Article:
2016 was a year in which the official cash rate started the year at 2.50% and finished at the record low level of 1.75%.
That -0.75% decline however was not mirrored by bank term deposit offer rates.
In fact, as hard as it may seem to many term savers, they have been insulated from the worst of “low rates”, managing to retain positive after-inflation returns.
But to escape the impact of very low rates, savers needed to commit to a term.
Pity the poor at-call savers who saw the full -0.75% reduction it their savings accounts, even their bonus savers.
But if you were prepared to commit to a term, you got off relatively less scathed.
Most household account money is at very short terms. Too much is still ‘at-call’ of in term deposit commitments of much less than a year.
Part of that saver impulse will be because of the need for access to funds to live on. The growing numbers of retired savers who are essentially decumulating (that is, using their capital to pay living expenses) keep a market pressure on the very short term.
During 2016, most banks flirted with ‘higher’ incentive rates for terms of 15 months , 18 months, 24 and even 36 months. But there is little evidence that these promotions moved saver behaviour.
At the end of 2016, it was dawning on more savers that the talk of higher rates should not be dismissed. And higher offer rates now have the look of a trap – if you think that rates will be higher again over a period less than the term commitment required by the banks.
The problem is that no-one knows where interest rates are actually going. The talk now is ‘higher’ but there is considerable market uncertainty and potential instability and volatility that could come from the new US administration. Besides, most savers know know that people claiming future certainty of any interest rate trends should be treated with considerable scepticism. (An that includes me.)
Remember, “you can’t go broke making a profit” so financial decisions are best made with the information and perspectives you have at the time you need to make them. Second guessing the future is like gambling and not a wise move for financial decisions.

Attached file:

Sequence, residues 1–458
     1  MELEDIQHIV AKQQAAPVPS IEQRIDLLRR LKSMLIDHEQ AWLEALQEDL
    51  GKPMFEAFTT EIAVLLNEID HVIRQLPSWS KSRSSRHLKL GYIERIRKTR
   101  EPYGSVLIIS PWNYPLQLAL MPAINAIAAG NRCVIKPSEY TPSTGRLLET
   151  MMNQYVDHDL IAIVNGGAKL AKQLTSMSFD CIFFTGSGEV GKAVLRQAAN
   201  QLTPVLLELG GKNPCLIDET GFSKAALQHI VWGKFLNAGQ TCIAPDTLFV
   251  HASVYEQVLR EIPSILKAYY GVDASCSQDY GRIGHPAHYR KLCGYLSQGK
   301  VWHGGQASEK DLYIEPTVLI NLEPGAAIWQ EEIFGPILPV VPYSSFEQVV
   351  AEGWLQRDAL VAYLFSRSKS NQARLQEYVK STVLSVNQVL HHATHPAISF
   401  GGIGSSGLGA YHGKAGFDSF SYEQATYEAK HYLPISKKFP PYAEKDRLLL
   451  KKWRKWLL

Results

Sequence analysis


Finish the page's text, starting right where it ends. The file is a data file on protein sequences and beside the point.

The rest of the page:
The main bank with the consistently highest one year rate in 2016 was Kiwibank. Until April BNZ had the edge, but from May on Kiwibank led the main banks and got and extra advantage by having market leading rates during November.
Westpac was the laggard for almost all the year, joined by each of the other Aussie banks for short turns at the end of the year.
Among the second tier banks, the clear winner was RaboDirect. However, things became seriously more competitive from November onward as a number of banks vied for the bragging rights for the market-leading term deposit rate.
Our analysis here is focused on the benchmark one year rate. The situation may have been different for other terms, and ‘specials’ became more targeted in the final quarter of the year. But the one year rate does tell a pretty consistent story.
Today, TSB Bank’s 3.75% 9 month ‘special’ looks particularly attractive, as does Heartland Bank’s 3.70% for the same term. (Ditto ICBC.)
For terms longer than one year, rates over 4% are starting to reappear. Even the main banks like ANZ and ASB offer them for 4 years and longer. TSB Bank and SBS Bank offer them for three years and longer. We doubt that many are attracted to term commitments this long, but things will get interesting if they started showing up in 2017 for terms 2 years and less.
Term deposit savers have had to put up with sub 4% rates for over 18 months now. Perhaps the cycle is turning. But don’t count on it for terms of 1 year soon. In June 2015, the one year swap rate was 3.10% and falling. Today it is just 2.20%, a level it has been broadly at for six months and it doesn’t look like if is on the move yet (unlike longer terms rates). Wholesale rates will give the best early indication that retail rates may be about to move.
Here is a picture of what one selected TD term did in 2016:
In terms of overall rate competitiveness, here is how these banks positioned themselves on average over all of 2016, and at the end of the year.
|relative price competitiveness||2016 average||year-end|
|one year term deposit only||rate %||rate %|